After high school, Nunez originally attended a two-year college in Spain: The University of Duesto, where she was a member of the soccer team and graduated in 2018. At this point, her career really began to take shape.

“We valued way more tactics and techniques, so I learned so much about that,” Nunez said. “That feeling of loving soccer and the feeling of valuing the ball is something I’m going to value forever.”

After graduating from The University of Duesto, Nunez kept her options open, and had heard some good things about Southern as a soccer program and a university as a whole. So, in 2018, Nunez packed her bags and traveled to the states for the first time in her life, using the final two years of her eligibility playing for head coach Adam Cohen.

“Honestly, I knew some people that went to Southern Connecticut and I had heard some good reviews about it, and then Coach Cohen made me feel like he cared about me and he wanted me, and that was the main thing,” Nunez said. “Also, where Connecticut is located was very important to me because I wanted to go to a place that it’s kind of open minded in the states. I had never been [to the U.S.] before but I wanted to go to a place where I was going to feel safe.”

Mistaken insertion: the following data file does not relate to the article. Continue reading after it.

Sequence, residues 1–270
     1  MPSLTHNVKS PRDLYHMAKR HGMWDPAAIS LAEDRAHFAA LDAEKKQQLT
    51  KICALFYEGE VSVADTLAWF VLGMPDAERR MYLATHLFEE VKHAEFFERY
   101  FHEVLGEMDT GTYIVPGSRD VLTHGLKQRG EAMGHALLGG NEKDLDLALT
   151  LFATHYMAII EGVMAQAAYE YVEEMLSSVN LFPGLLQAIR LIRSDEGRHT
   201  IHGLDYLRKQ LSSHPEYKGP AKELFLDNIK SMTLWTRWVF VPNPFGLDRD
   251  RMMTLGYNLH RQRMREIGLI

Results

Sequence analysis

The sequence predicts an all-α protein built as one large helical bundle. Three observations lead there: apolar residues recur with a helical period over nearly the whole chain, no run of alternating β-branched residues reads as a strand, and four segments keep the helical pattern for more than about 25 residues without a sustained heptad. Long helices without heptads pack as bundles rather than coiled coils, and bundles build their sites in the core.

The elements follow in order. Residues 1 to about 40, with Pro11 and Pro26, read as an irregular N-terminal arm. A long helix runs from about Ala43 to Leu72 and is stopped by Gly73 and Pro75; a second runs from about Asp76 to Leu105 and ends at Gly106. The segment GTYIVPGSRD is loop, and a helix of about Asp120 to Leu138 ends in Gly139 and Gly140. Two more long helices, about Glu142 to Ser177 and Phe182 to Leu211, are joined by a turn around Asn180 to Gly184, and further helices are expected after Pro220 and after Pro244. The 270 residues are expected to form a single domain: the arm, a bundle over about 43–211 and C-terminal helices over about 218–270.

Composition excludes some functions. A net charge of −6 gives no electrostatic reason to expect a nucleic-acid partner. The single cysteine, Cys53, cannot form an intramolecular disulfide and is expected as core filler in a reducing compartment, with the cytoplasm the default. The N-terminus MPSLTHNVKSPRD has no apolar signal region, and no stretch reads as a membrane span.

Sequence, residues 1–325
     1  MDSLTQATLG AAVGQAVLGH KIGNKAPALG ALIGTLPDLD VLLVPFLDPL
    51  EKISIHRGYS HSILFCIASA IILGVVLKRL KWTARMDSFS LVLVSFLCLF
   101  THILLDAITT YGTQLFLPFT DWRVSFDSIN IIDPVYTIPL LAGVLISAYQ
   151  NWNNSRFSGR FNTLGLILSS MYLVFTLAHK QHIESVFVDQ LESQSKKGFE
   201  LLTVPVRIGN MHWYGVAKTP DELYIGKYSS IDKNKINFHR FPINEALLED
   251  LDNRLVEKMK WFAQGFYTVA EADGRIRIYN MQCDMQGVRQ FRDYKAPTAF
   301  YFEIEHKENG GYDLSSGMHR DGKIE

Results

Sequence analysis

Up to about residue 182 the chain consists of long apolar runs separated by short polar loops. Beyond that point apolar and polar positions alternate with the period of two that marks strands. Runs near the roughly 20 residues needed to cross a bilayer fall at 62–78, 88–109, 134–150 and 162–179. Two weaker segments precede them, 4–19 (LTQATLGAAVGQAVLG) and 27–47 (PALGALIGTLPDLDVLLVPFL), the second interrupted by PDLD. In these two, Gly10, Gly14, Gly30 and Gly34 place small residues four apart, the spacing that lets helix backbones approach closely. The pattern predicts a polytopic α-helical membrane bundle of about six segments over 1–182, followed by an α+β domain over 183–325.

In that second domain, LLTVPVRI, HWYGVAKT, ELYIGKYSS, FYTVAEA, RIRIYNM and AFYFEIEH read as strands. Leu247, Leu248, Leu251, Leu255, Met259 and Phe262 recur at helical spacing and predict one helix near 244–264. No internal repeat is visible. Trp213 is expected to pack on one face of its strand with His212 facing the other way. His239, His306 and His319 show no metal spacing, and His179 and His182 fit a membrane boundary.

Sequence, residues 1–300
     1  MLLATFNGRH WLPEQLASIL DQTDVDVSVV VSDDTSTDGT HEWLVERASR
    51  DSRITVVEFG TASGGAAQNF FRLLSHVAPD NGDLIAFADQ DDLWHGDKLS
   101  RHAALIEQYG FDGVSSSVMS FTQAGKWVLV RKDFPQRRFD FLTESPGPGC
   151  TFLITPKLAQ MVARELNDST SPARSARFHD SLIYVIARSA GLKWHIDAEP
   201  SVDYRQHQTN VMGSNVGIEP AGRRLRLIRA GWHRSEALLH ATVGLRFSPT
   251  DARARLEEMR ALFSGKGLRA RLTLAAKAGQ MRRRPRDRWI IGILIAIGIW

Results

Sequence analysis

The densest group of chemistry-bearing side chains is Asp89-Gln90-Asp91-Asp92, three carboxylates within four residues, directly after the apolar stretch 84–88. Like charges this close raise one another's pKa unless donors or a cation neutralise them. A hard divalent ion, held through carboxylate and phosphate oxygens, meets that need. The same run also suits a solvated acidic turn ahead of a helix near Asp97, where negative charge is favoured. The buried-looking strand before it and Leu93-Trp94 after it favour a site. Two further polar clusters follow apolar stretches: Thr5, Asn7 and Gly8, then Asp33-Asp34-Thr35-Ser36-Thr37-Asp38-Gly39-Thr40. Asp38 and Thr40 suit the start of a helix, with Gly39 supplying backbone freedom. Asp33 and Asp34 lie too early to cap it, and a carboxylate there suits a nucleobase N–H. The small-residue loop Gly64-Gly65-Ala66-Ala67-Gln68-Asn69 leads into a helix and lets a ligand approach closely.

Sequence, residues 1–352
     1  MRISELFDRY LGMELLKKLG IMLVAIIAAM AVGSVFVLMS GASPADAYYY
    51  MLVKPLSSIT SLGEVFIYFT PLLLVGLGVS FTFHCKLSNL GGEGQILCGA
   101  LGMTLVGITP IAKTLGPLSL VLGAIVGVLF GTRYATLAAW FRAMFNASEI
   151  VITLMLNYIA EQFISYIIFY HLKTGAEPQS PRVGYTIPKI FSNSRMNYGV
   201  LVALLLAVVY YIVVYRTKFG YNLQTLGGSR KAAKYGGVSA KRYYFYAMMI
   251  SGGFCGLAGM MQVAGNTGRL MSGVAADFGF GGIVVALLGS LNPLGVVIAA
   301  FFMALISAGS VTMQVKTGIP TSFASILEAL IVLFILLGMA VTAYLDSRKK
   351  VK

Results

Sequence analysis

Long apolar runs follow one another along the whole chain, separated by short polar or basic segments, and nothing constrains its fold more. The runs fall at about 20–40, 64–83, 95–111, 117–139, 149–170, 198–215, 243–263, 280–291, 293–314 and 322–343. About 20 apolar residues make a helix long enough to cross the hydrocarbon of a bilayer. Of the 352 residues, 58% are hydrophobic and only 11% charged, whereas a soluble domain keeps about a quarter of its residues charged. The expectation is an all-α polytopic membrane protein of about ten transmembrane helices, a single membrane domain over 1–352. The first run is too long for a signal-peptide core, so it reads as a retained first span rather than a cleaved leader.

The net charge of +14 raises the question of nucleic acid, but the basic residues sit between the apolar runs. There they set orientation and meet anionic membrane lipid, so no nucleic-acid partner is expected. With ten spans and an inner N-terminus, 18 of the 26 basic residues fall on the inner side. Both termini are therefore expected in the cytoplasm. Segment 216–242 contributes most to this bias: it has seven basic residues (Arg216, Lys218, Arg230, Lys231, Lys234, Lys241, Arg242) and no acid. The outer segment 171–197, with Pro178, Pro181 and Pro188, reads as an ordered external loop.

Cohen had the ability to travel overseas at the time to do some of his recruiting and upon first seeing tapes of Nunez’s play on the field, he made the journey to see Nunez for himself.

“She fit a need for us perfectly. We needed an attacking left back and that’s exactly what she was,” said Cohen. “If we created a player profile for that position, she would fit that profile exactly.”

As a junior in 2018, Nunez appeared in 19 games, recorded two assists, and registered two total points. However, as a senior, while her playing time was sparse, she became a key contributor to the Owls’ postseason run to the NE10 title game.

In 2019, she scored two goals on six shots on-goal in eight games played. One of those goals came in the NE10 tournament semifinals at American International, which was the lone goal scored in that outing that ultimately sent the Owls to the championship match.